Tubifex tubifex as a link in food chain transfer of hexachlorobenzene from contaminated sediment to fish
- Cite this article as:
- Egeler, P., Meller, M., Roembke, J. et al. Hydrobiologia (2001) 463: 171. doi:10.1023/A:1013155709158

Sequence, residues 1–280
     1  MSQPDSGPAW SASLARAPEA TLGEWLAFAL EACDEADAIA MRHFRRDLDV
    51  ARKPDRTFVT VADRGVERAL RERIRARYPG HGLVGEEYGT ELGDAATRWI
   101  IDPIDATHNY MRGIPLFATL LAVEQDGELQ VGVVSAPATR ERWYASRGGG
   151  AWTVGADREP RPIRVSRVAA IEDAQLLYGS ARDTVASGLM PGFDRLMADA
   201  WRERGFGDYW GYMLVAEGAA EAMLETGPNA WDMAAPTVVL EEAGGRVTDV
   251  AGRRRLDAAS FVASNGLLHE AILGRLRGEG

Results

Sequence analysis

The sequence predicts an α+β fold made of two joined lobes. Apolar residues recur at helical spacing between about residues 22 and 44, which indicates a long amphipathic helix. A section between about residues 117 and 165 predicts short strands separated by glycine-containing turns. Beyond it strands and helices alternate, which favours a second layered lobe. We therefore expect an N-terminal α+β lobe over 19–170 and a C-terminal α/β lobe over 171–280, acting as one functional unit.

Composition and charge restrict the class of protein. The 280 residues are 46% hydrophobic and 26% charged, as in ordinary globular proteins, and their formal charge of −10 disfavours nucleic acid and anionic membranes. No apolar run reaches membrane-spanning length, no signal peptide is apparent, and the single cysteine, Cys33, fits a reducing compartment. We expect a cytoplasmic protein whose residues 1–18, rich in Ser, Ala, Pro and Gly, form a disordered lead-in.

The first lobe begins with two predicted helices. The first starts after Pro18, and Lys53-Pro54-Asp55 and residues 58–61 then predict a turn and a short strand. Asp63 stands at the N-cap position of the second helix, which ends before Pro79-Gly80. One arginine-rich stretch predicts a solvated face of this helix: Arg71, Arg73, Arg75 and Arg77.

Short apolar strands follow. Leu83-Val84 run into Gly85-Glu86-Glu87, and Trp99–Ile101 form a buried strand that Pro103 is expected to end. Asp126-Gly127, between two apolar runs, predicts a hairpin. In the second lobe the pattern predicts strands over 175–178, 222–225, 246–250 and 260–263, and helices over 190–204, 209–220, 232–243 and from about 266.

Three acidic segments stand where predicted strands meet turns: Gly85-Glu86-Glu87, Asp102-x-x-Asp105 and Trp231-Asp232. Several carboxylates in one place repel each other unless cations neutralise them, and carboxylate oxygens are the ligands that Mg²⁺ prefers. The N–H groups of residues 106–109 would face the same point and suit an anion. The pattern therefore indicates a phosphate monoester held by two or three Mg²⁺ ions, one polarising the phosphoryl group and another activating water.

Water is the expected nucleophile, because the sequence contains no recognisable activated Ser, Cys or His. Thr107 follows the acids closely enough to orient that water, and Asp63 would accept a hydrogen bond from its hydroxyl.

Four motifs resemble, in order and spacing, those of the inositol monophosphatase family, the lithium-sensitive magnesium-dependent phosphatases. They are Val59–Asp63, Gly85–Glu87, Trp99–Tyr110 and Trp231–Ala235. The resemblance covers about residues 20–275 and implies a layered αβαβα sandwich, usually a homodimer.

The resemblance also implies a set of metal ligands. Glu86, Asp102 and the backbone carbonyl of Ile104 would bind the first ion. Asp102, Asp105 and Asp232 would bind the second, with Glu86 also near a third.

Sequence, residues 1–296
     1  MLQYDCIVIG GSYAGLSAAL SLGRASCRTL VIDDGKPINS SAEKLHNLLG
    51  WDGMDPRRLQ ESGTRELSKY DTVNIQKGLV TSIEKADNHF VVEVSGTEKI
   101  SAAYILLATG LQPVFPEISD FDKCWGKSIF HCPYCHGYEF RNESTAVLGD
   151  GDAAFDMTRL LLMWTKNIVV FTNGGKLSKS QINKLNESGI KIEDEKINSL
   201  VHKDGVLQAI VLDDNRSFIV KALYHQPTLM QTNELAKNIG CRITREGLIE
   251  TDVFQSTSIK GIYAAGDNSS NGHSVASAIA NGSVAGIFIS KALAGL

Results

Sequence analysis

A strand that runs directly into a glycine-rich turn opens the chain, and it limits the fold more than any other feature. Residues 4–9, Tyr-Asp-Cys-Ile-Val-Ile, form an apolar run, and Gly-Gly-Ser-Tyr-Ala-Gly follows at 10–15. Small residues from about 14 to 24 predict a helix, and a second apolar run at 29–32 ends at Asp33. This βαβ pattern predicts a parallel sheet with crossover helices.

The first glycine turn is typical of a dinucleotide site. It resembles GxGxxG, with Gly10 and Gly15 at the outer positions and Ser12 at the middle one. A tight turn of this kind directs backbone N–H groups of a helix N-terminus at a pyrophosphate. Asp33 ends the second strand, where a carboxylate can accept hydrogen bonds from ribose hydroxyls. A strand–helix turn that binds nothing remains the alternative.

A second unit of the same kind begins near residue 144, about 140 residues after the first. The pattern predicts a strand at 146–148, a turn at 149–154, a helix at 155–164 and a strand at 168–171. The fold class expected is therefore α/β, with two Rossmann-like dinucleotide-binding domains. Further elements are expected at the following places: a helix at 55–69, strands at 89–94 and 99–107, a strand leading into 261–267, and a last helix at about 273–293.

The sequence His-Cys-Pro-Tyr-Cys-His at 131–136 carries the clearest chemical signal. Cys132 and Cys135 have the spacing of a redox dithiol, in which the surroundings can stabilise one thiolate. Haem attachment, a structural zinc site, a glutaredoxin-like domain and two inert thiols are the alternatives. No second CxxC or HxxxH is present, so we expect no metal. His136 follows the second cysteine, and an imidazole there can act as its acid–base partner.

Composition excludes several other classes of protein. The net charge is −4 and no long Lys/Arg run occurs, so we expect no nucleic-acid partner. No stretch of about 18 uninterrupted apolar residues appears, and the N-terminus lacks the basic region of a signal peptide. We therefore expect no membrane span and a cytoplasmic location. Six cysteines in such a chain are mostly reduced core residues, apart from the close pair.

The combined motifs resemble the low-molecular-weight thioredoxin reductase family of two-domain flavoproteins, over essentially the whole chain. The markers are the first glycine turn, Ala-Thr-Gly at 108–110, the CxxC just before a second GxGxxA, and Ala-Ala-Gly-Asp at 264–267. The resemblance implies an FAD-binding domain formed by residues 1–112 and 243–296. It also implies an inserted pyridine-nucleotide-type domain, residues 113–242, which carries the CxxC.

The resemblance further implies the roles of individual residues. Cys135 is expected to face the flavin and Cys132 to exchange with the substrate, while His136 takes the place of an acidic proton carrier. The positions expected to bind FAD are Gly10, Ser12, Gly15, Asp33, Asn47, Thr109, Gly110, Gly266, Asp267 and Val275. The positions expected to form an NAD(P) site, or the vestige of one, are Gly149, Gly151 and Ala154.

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Sediments contaminated with poorly water-soluble organic chemicals pose a risk to aquatic food chains. Sediment-associated chemicals can be accumulated by endobenthic, sediment-ingesting invertebrates. Some tubificid species – or other benthic annelids – serve as food for benthivorous fish, which thereby ingest the sediment-borne chemicals and may accumulate contaminant concentrations far higher than from water exposure only, and transfer them to organisms of higher trophic levels. For measurement of biomagnification, a sediment based food chain was developed and established in the laboratory. The two-step food chain included the sediment-dwelling freshwater oligochaete Tubifex tubifex (Müller) as a representative species of benthic infauna. The three-spined stickleback (Gasterosteus aculeatus, Linné), a small teleost fish which often feeds primarily on benthic invertebrates, served as a model predator. Spiked artificial sediment and reconstituted water as the overlying medium were used. Experiments were performed using 14C-labelled hexachlorobenzene, a hydrophobic pollutant as a model compound. To examine the influence of benthic prey on the bioaccumulation of the test substance in the predator, fish were exposed to spiked water, spiked sediment, pre-contaminated prey organisms, or combinations of these exposure routes. The results of these experiments indicate that for hexachlorobenzene, the presence of contaminated Tubifex tubifex as a food source in combined exposure leads to significantly higher accumulation in fish than exposure to single pathways.